• December 1970, born in England (father in Air Force). Lived there one year.
  • Approximately January 1972 (unsure exactly when) moved to Southwick, Massachusetts. Lived there about 6 years.
  • August 1978, parents split up, moved to a duplex on Orlando Street in Agawam, MA. Lived there two years.
  • Summer 1980, mother decided we should move to California for the college tuition benefits. Sold everything, packed up and flew out there. Flew back about two weeks later after she got really sick and we couldn't find an affordable place to live (no Internet then for easy research).
  • Lived with Mom's friend for short time, I don't remember how long--a few months.
  • Moved into an apartment for rest of fifth grade.
  • Sometime in fifth grade moved into Brady Village in Agawam and stayed there until end of 11th grade.
  • 1987 mother got married and we moved to North Chatham, NY.
  • August 1988 I moved to college. February 1989 mother and stepfather and little brother moved to Fairfield, CT.
  • From 1989 to 1991 I moved back and forth to college and my parents moved again. Summer 1989 I spent in Fairfield; summer 1990 was in Michigan working at Sarrett Nature Center; summer 1991 moved Jim from his parents' to an apartment in Lewistown.
  • January 1992, after graduation, lived in MD while interning at National Geographic Society. Moved back to Lewistown, PA, in May.
  • July 1992 moved to Newport, PA, halfway between my job and Jim's.
  • Spring 1995 moved to New Buffalo, PA, while pregnant (closer to my job, better apartment).
  • March 1999 moved here about 6 weeks before McKenna was born.
I know military kids move more than that, but 11 times in three years is up there. At least those moves were fairly small, because I always lived in one room. :) Nowadays, the thought of moving all the stuff we've accumulated is horrifying.

Unless I start making a boatload of money with my writing or we win the lottery (which we don't play), we'll be here a minimum of ten more years. Jim never changed schools, and I changed four times (not counting the usual moves to middle, junior, and senior highs). We came from different places, but with the same result--we don't want to make our kids move.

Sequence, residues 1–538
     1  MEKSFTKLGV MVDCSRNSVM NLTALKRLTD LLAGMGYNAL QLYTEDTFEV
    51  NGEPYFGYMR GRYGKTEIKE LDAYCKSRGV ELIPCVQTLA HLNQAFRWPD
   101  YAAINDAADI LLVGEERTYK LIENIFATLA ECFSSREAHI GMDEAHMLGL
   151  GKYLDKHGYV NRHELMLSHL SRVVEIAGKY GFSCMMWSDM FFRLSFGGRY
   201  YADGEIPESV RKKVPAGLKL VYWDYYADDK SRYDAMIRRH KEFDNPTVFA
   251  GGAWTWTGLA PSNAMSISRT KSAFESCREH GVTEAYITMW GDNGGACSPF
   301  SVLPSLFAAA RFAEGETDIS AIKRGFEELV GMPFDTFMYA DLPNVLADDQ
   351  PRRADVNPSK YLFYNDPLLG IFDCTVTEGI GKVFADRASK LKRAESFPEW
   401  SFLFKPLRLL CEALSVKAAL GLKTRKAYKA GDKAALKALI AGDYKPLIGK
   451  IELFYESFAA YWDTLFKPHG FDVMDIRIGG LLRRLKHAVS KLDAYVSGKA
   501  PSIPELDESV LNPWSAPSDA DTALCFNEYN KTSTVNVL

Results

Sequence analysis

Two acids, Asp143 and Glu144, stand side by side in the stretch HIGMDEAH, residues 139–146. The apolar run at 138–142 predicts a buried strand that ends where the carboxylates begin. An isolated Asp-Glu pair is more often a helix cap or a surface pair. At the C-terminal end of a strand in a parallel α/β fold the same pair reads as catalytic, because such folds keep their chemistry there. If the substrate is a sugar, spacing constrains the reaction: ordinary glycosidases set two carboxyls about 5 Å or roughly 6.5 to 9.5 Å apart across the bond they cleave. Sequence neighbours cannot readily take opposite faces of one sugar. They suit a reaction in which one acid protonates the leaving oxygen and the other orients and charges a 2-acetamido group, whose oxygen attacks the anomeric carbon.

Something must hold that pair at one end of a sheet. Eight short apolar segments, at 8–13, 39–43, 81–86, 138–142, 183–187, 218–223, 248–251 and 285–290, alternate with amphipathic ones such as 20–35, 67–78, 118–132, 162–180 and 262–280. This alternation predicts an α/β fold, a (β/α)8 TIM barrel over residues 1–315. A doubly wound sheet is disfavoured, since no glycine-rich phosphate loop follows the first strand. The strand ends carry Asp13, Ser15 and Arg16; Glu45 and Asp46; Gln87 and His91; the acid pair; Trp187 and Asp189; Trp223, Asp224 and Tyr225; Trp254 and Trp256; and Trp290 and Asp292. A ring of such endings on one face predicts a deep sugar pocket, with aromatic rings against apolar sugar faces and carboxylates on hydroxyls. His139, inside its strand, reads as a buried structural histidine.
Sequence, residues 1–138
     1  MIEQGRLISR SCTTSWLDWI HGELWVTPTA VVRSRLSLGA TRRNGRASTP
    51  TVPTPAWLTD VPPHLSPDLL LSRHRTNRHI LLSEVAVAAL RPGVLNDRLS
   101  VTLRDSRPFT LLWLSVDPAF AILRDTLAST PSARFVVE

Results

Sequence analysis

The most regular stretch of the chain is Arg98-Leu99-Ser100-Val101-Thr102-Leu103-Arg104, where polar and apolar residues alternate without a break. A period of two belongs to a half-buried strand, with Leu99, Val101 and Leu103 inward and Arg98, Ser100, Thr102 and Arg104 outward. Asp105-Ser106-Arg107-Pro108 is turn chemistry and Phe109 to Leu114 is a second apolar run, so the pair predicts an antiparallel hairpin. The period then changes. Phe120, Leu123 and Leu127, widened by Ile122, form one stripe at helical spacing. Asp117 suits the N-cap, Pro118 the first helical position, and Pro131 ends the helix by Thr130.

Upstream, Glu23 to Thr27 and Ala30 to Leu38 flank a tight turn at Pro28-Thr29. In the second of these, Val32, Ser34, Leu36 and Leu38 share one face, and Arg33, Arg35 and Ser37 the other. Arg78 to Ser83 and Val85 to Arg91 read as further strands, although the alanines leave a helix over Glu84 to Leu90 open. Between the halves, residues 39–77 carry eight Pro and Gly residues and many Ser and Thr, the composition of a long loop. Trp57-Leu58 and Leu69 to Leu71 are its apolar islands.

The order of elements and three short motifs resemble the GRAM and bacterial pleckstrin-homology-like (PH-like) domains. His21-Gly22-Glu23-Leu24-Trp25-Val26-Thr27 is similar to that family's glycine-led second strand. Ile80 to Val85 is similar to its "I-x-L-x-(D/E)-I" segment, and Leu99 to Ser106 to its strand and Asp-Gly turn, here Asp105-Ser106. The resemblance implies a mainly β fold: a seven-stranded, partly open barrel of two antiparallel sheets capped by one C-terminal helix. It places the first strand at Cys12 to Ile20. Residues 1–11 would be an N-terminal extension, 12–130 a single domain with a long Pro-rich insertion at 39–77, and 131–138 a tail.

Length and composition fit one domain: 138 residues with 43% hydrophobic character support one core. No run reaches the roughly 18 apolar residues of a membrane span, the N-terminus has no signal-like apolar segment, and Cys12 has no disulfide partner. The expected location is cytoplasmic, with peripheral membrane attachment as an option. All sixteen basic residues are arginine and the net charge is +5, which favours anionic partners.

Though, it's funny. I moved the summer before my senior year, from a large-ish high school to one that was one-third the size. From a place where I was an outcast in most ways, to a place where I was welcomed and embraced and the brains were also the cool kids. I had the best year of my life (to that point) then, and wish I could have gotten there sooner.

My brother, on the other hand, had the extreme opposite experience. He HATED the new school and didn't get treated very well. When they moved him again midway through his freshman year, that was the best thing for him.

I don't know if being the new kid a lot, combined with innate shyness, is what makes it so hard for me to go into new social situations now. It seems likely, though I remember that move my senior year with a huge dose of sweet nostalgia. Still, it's not enough to take a chance for my kids if I can avoid it.

Thursday, April 19, 2007


~ When you see this post, quote from Supernatural on your LJ.

"You're bossy. And short."

I'm not going to do a comprehensive post on tonight's Supernatural until I get a chance to watch it again, but two things I must say:

1. Classic. Supernatural.

2. About 248 inside jokes for the win!

Thursday Thirteen #7

Thirteen Reasons I'm Looking Forward to May

1. April has decided it's really March.

2. My chapter writers retreat is in May, and this year, there's a whole extra day!

3. Pirates of the Caribbean: At World's End

4. Spider-Man 3

5. Shrek 3
(though I don't adore the series as much as everyone else seems to)

6. Memorial Day weekend

7. Soccer tournament on Memorial Day weekend
(we're reigning champs!)

8. Waitress
(though limited release means we probably won't get it here)

9. Starting a new project
(Title: Hummingbird)

10. Warmer weather, though that may be hoping for too much at this point

11. Veronica Mars returns

12. Final (hopefully awesome) shows for Smallville, Heroes, and Numb3rs.
(Though Numb3rs tends to have tame finales and Smallville lame ones, and Heroes I just don't really care about when I'm not actively watching it.)

13. Reportedly kick-ass final episodes of Lost and Supernatural.
(I have it personally from the executive story editor of SPN herself.)

Links to other Thursday Thirteens!
1. (leave your link in comments, I’ll add you here!)

Get the Thursday Thirteen code here!

The purpose of the meme is to get to know everyone who participates a little bit better every Thursday. Visiting fellow Thirteeners is encouraged! If you participate, leave the link to your Thirteen in others comments. It’s easy, and fun! Be sure to update your Thirteen with links that are left for you, as well! I will link to everyone who participates and leaves a link to their 13 things. Trackbacks, pings, comment links accepted!

Wednesday, April 18, 2007

USA Today

Check it out!

A Truly Ridiculous Post

All authors have their grammatical bugaboos. Things they have a mental block about and, at the least, have to think hard about when they use them.